Three years later, in 2008, Act 233 finally brought IAL into a kind of reality by responding to these questions. The law set up a detailed process of compensation for landowners and established a timeline for landowners to voluntarily designate 85 percent of their holdings as IAL, in exchange for what amounts to a fast-tracked development process on the remaining 15 percent. In short, this means that a landholder could agree to set aside 8,500 acres from residential development permanently, with the assurance that the remaining 1,500 would receive an expedited–though not guaranteed–permitting and rezoning process.
For farmers themselves, Act 233 promised substantial tax credits and other subsidies designed to make farming more viable in the Islands. These include loan guarantees, lending at below-market rates and a range of tax-credits for investment in agricultural infrastructure.
That was critical, says David Arakawa, director of the Land Use Research Foundation of Hawaii, because it clarified that Important Agricultural Lands law is in fact not primarily about land, but about farming.
“The IAL process has taken a long time, but more important than a sense of urgency is the understanding, which is emerging, that this is a new paradigm for Hawaii. IAL is first and foremost about supporting farmers. It’s not about how much land you take. You can have all the land in the world. If you don’t have water, and you don’t have labor, and you don’t have incentives, you can designate all the land you want, and you’re only going to have soil and stone.”
The law also established a window–set to close on July 1, 2011–for landowners to voluntarily designate land as IAL. After that point, it will be left to the counties to prepare their own IAL maps, and for the state Land Use Commission to unilaterally designate lands. All of the incentives–including the 85/15 rule–will still apply.
Alexander & Baldwin has been the first major landowner to step into the IAL process, having designated more than 27,000 acres on Maui and 3,700 on Kauai since 2009. According to a Honolulu city official who asked not to be identified, both Kamehameha Schools and Castle & Cooke are in the process of preparing designations.
With the voluntary deadline just a year away, only Kauai County has so far begun the process of preparing its IAL maps–because only Kauai had state funding with which to do it.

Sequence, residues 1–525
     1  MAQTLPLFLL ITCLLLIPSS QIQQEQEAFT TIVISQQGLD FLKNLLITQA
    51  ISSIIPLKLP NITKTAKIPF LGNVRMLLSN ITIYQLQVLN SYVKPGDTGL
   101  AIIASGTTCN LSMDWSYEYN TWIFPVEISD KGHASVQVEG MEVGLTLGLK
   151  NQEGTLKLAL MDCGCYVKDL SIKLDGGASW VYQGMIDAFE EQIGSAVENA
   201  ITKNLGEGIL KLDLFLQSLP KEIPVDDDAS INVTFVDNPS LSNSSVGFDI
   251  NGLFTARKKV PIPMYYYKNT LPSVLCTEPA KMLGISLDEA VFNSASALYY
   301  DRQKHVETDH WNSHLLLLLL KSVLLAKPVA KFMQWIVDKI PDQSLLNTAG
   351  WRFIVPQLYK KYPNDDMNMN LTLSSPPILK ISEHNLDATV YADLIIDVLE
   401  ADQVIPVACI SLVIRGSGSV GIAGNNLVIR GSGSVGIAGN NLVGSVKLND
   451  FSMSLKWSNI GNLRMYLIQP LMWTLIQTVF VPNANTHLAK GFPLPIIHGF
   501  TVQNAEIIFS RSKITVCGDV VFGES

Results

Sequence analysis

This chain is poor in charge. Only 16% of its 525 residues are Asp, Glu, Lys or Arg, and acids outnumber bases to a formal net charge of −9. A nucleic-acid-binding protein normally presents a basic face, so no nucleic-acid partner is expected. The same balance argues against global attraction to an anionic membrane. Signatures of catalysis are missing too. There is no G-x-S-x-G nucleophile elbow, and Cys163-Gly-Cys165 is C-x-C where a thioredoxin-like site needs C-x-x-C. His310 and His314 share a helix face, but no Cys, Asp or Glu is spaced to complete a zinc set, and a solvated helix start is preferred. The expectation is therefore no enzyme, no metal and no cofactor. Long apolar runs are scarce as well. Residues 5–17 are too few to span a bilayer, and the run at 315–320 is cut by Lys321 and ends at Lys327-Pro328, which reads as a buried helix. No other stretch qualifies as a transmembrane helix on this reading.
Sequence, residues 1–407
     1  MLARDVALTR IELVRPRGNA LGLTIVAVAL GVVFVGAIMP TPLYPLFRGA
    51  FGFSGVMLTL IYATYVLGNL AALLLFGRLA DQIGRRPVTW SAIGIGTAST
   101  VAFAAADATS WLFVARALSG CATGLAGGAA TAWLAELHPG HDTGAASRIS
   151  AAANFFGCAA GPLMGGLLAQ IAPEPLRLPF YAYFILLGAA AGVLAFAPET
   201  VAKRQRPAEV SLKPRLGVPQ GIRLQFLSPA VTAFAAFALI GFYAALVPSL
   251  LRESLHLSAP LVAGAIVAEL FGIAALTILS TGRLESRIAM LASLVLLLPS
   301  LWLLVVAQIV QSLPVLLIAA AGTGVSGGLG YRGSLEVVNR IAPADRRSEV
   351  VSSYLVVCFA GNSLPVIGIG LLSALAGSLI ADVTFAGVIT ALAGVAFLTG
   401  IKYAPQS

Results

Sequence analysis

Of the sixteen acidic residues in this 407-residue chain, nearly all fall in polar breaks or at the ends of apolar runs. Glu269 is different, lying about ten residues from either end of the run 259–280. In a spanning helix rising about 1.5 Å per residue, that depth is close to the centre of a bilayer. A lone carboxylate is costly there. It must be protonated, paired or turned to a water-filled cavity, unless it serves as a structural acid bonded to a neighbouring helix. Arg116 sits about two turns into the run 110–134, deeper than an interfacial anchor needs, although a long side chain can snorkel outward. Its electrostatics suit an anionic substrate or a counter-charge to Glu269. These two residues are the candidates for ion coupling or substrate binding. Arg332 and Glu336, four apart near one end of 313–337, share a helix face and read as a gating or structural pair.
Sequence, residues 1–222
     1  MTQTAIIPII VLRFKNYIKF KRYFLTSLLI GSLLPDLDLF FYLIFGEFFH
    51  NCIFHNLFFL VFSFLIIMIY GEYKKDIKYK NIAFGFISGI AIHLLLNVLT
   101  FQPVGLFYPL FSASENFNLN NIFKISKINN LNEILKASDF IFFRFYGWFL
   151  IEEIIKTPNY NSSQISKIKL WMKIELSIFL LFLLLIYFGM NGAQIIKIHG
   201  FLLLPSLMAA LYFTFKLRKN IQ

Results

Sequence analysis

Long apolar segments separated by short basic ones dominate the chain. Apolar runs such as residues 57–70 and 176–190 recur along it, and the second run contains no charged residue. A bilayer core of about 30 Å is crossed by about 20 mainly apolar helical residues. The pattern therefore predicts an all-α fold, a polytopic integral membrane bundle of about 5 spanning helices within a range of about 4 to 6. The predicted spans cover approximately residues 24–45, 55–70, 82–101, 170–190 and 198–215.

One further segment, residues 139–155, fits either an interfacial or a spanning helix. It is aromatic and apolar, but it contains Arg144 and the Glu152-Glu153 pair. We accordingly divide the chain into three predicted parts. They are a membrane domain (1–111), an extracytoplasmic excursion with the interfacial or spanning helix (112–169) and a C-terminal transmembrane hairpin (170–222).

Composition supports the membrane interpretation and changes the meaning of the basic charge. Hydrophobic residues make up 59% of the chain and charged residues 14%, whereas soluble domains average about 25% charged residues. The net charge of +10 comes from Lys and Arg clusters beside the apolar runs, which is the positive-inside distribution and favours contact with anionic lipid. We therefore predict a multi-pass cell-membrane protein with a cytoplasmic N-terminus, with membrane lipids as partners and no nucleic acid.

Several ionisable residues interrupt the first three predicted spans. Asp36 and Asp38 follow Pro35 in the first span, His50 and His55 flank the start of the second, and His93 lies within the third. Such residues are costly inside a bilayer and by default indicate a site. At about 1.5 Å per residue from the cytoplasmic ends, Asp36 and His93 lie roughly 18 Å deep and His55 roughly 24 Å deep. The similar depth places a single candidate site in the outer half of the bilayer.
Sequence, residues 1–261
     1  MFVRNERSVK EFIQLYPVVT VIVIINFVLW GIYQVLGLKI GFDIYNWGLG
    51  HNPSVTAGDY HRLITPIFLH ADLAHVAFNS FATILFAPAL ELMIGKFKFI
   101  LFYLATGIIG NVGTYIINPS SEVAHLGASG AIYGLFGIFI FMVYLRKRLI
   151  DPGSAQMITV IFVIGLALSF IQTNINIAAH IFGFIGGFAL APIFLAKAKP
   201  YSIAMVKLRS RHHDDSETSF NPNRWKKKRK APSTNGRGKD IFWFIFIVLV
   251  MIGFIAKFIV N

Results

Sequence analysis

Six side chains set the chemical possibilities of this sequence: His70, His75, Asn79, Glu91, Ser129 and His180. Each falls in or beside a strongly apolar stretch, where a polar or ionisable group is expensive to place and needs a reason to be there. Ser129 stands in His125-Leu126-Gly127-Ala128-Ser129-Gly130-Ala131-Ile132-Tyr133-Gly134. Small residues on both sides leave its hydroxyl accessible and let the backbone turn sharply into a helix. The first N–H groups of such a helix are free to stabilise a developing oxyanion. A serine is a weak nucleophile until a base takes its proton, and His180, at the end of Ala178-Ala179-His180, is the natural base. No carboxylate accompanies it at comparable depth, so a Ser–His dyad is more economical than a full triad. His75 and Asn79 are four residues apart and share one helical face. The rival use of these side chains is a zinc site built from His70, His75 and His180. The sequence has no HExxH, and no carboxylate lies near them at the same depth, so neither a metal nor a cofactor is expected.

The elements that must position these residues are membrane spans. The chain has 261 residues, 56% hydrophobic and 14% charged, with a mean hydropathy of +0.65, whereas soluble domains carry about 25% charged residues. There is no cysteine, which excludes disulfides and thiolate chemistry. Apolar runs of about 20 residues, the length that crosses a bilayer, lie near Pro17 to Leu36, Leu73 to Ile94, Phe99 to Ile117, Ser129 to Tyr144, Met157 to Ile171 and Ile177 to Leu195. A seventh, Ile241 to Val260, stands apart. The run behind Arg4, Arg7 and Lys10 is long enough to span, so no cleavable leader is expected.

On Oahu, City Councilman Donovan Dela Cruz put money into the budget for the project this summer. “The state didn’t give the counties the funding. Most time there’s an unfunded mandate, the countries won’t do it, and that’s what happened with IAL. I put half a million into the budget this year so we can do this.”
Earlier this month, Arakawa, who is part of the city’s Agricultural Development Task Force, called for the city to begin work on mapping the IAL in anticipation of next summer’s deadline on voluntary designation.
Bill Brennan, spokesman for Mayor Mufi Hannemann, could not immediately say where the city was on the release of the funding, but one official, who asked not to be named, said the city’s planning department was simply waiting for the funds to become available.
The proof’s in the planting
Going forward, Arakawa and Nalo Farms owner Dean Okimoto both say that IAL is long overdue, but caution that the designation of land will not in itself revitalize farming in Hawaii.
Arakawa actually points to Okimoto, who is on leave as head of the Hawaii Farm Bureau, as an example of how strapped farmers truly are. “Who’s the most famous farmer in Hawaii? Maybe Richard Ha on the Big Island, maybe the folks at MAO Organic Farm, but probably Dean Okimoto. Guess how many acres this guy, this giant of farming has in production? Five. Five acres. If that doesn’t tell you what’s going on, nothing will.”
“There are some good incentives in place but if we could get everything that was necessary, it would make more of a difference,” says Okimoto. He says red-tape at the county level is a significant hindrance to many farmers looking to expand. “Look at me–it took me almost two years to go through the permitting process for a new processing facility. That raised our costs from $500,000 to $1.8 million, just because it took so long. It’s put me in jeopardy basically. We definitely need an expedited process, and more incentives for farmers to invest in the future.”